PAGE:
- A $US16 “Thinking Egg” was advertised on Amazon as a solution to stress and anxiety.
- The egg was shown at the top of the website’s Unique Finds page next to a blurb that says the brass object serves as “a useful reminder to help bring ease and mindfulness to the present moment.”
- A video accompanying the egg shows an overworked man being seemingly relaxed by holding the egg.
- This is the latest product in the massive industry aimed at serving customers with products said to increase mindfulness and improve mental health, with questionable results.
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Mental health issues like stress, anxiety, and burnout are seemingly seen more frequently as working hours across society increase.
Now, an entire industry has sprung up purporting to solve these issues through various means. The latest, as advertised on Amazon’s Unique Finds page, is a $US16 brass “Thinking Egg.”
The egg, which is made by Vancouver-based design firm Orijin Design Company, was advertised next to a blurb that said it is “ergonomically designed as a useful reminder to help bring ease and mindfulness to the present moment.”
From the pictures and video that accompany the egg’s posting, its only advertised function is to be held or set nearby a user, but a description on the product page says that it “serves as a great productivity tool that discreetly and elegantly keeps restless hands busy all while being extremely portable.”
Orijin founder Oscar Bonilla said he found himself overwhelmed with daily tasks. He said the egg is meant to “remind me to just slow down: to wake up, to actually be present and aware of what I was doing.”
Four of the egg’s five reviews at the time of this article were positive and said the egg feels high-quality, and one user said she even purchased more after getting one as a gift. However, one review reads that the only thing the egg reminded the buyer “of is that I spent $US16 on a @#@[email protected] metal pebble.”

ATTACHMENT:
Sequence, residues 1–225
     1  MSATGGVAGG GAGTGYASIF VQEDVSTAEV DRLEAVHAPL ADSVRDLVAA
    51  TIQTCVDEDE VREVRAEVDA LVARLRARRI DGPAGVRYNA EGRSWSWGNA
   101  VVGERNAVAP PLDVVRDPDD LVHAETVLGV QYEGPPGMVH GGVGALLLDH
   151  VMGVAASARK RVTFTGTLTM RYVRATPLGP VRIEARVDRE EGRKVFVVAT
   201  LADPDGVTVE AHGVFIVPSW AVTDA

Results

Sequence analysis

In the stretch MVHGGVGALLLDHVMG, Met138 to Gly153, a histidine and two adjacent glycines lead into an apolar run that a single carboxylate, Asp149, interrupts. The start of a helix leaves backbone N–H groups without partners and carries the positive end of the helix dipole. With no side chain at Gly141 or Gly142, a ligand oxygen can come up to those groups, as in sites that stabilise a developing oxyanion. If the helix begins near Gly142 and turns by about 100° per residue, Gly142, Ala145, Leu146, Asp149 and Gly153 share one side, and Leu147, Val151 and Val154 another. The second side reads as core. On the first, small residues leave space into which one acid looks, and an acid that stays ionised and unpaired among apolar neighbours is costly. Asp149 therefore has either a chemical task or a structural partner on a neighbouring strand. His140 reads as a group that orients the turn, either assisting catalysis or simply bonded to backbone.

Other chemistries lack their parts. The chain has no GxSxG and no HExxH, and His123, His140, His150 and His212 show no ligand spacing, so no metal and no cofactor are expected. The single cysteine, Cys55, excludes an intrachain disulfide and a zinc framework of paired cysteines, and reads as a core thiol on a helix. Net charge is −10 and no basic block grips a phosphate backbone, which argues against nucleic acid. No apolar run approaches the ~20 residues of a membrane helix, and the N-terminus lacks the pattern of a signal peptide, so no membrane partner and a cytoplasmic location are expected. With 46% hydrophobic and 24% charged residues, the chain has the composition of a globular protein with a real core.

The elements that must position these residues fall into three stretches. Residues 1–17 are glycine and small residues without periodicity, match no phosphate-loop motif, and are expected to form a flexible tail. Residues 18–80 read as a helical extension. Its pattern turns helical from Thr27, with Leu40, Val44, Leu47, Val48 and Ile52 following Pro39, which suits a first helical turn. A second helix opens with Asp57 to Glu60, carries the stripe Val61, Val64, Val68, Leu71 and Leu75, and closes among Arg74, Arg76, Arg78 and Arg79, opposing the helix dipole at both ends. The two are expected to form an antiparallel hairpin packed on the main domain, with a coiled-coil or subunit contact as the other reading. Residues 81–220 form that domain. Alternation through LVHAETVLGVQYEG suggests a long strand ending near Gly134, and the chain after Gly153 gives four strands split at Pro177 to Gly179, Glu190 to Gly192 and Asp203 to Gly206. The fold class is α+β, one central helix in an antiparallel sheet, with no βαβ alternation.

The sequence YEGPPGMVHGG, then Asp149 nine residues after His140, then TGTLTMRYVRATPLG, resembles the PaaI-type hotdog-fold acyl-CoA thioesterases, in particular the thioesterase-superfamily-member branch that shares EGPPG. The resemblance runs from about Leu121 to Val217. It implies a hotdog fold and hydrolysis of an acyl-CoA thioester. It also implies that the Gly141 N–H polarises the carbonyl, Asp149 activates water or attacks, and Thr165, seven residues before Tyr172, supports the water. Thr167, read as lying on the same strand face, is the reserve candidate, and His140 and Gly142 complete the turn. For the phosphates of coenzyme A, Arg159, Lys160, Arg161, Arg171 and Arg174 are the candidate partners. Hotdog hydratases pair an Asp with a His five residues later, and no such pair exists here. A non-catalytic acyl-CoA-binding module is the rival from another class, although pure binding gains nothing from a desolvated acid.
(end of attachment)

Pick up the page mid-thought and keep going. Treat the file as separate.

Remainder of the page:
The description of the brass egg says its power comes from its material, as brass “has been said to have healing properties to boost the immune system while also increasing melatonin (sleep and wakefulness).”
In addition to brass, the company’s website has eggs available in different materials that it writes will serve different types of relief to its holder.
“Lava Stone,” that serves to “strengthen, stabilise, and dissipate anger,” “Howlite,” which is supposed to “alleviate anxiety and stress while also promoting strength and self-discipline,” and “Pine Wood,” which “has been used medicinally for thousands of years… [and] helps with emotional stability and concentration.”
The egg’s place at the top of Amazon’s finds page seems appropriate amid a swell of mindfulness and well-being products, including hit meditation apps Calm and Headspace, which have both been valued at around $US250 million, according to the Chicago Tribune.
The industry, while massively successful, isn’t without its fair share of criticism. Therapist Jeremy Safran told the Guardian that the business of mindfulness poses harm to the very issues it promises to solve.
“It’s the marketing of mindfulness practice as a commodity that is sold like any other commodity in our brand culture, a brand that promises to deliver,”Safran told the Guardian. “McMindfulness is the marketing of a constructed dream; an idealised lifestyle; an identity makeover.”
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